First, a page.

The Tory government and Jeremy Hunt are ideologically opposed to the NHS and the imposition of the new contract is just one step towards a privatised NHS, argues Alex Robinson, Holloway Ward Registrar in Emergency Medicine at Homerton Hospital, Hackney.
The junior doctor’s strike action is about more than pay, we never asked for a pay rise! It is resistance to the imposition of a contract that the vast majority of doctors don’t want, and is not needed.
Our current contract pays a basic wage, with a fixed “banding” of additional payments depending on the number of hours worked outside normal working hours (0700–1900); the maximum is normally 50%. As an emergency medicine doctor working in A&E, 50% of my work is done out of hours, so I get an additional 50% of my basic pay for the evenings, weekends and nights I work. The government wants to reduce the number of hours classed as “out of hours”, including evenings and Saturdays. It is offering an 11% rise in basic pay, but for many of us this would still result in a large pay cut at a time when there is a recruitment crisis in A&E, the main reasons for which are the high intensity and the hours. It is foolish to cut the wages in an area where there is already more than a 50% shortfall in the number of senior doctors training to become consultants.
The premise for the contract changes is that the government wants to create “a truly seven-day NHS”. A laudable aim, but what does it mean? We already have 24/7 emergency care; although there are improvements to be made, they do not require the imposition of a new contract. Does the government want elective surgery performed at the weekends? Would you want your knee operation on a Sunday evening? It may be convenient for a very small number, but for the average elderly patient – the people who use hospitals the most – it is unnecessary. There will be no admin staff, no physiotherapists, poor public transport and expensive taxis. This has not been thought through, and nobody has explicitly set out what the government actually wants.
The contract would remove hospital trusts’ safeguards that currently ensure that we do not work excessive hours. We have come a long way from the old days of 90-hour weeks. That was not safe then and, with a rise in the number and complexity of patients (elderly people are often on as many as 20 medications), and a greater number of treatments available, it is even less so now. We need well-rested, empathetic doctors who know their patients well. We do not need an already creaking, understaffed service stretched more thinly. We need more doctors, not fewer doctors working more hours.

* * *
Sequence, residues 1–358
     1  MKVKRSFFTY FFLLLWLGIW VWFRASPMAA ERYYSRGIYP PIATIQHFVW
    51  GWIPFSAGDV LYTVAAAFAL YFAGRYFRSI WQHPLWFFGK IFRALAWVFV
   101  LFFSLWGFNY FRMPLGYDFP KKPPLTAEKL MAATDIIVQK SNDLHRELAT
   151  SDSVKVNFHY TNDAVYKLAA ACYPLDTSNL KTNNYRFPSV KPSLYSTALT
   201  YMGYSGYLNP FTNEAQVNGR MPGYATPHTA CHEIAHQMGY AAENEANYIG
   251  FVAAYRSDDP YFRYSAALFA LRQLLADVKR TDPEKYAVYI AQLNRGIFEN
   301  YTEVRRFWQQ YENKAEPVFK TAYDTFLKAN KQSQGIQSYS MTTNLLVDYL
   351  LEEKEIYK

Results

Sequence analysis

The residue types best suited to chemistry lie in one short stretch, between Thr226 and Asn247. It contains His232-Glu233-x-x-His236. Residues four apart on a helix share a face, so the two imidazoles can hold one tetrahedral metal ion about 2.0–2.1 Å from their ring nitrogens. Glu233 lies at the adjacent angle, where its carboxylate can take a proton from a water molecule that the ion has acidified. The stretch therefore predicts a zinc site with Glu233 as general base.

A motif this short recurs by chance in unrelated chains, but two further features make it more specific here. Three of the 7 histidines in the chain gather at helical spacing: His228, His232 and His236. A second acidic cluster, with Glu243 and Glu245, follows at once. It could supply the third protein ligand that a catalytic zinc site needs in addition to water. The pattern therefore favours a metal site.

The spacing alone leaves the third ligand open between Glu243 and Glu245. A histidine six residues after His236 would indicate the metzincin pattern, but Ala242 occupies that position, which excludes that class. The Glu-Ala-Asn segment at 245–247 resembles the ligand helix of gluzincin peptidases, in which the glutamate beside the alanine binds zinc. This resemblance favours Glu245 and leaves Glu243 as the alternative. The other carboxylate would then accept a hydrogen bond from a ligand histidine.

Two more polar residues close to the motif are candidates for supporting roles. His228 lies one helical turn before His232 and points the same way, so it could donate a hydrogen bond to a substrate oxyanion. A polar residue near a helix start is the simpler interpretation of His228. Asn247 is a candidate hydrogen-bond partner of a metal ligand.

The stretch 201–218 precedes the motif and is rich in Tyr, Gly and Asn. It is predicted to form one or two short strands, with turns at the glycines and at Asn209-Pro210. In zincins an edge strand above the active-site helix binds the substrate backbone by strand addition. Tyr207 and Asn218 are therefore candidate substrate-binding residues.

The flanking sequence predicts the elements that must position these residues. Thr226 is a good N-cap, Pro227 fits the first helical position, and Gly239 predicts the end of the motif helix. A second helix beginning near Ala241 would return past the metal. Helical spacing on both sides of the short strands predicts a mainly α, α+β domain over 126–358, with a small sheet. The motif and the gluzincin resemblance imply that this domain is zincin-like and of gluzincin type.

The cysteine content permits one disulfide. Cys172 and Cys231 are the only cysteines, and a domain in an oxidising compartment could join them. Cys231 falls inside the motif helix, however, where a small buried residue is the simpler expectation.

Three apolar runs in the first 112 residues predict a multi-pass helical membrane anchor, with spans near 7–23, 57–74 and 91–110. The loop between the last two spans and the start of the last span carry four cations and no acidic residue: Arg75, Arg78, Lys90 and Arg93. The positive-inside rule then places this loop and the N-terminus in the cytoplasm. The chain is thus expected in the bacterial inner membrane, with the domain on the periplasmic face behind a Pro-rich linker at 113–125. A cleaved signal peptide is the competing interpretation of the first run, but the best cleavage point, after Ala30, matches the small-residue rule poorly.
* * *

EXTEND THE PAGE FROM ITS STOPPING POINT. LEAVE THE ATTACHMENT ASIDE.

Jeremy Hunt and the government have used spurious data to justify their soundbites. First, a claim from a study that purported to show that patients are more likely to die at a weekend, in fact showed that there was a small rise in the 30-day mortality. This is a complex issue, with many factors at play, and is the case in most health systems around the world. The authors of the study specifically stated that they were unable to attribute it to any one factor – and there is no data to show that the imposition of a new contract would reduce the 30-day mortality.
Second, the data Hunt has used about stroke care was taken from 2009-2010. In the interim we have gone though a radical change in stroke care, with the establishment of hyper-acute stroke units that can give drugs to dissolve a clot in the brain. This state-of-the-art service is available 24/7 with consultants on hand to deliver it. Stroke care in this country has improved dramatically, without the imposition of a new contract. Much of the improvement in care comes from better access to specialist nurses, physiotherapists and a multi-disciplinary approach, none of which the new contract addresses.
The Tory government and Jeremy Hunt are ideologically opposed to the NHS. Hunt co-authored a book, Direct Democracy, stating just that. The imposition of the new contract is just one step towards a privatised NHS. Working in A&E, I see the problems caused by cuts to social care first hand, with people living in what are practically Victorian levels of poverty. They could not afford health insurance.
Many of you, if you have any chronic health problems, may not get health insurance. Were the NHS to be fully privatised the Tories would have accomplished their aim to create a two-tier society, in which the rich can take full advantage of the infrastructure of the NHS, paid for by taxes and workers’ NI contributions for the past 60 years, while the poor are excluded from the healthcare they need, and deserve.
Please support the actions of the junior doctors. I believe that the current situation gives us hope: the Tories have transformed a fairly conservative, Tory-voting, established profession into what the Tories themselves, have termed “militants”. People are finally seeing through the Tory lies. I do not want to strike, but I cannot allow a party, many members of whom stand to profit personally from the destruction of the NHS, to accomplish their ideological goal.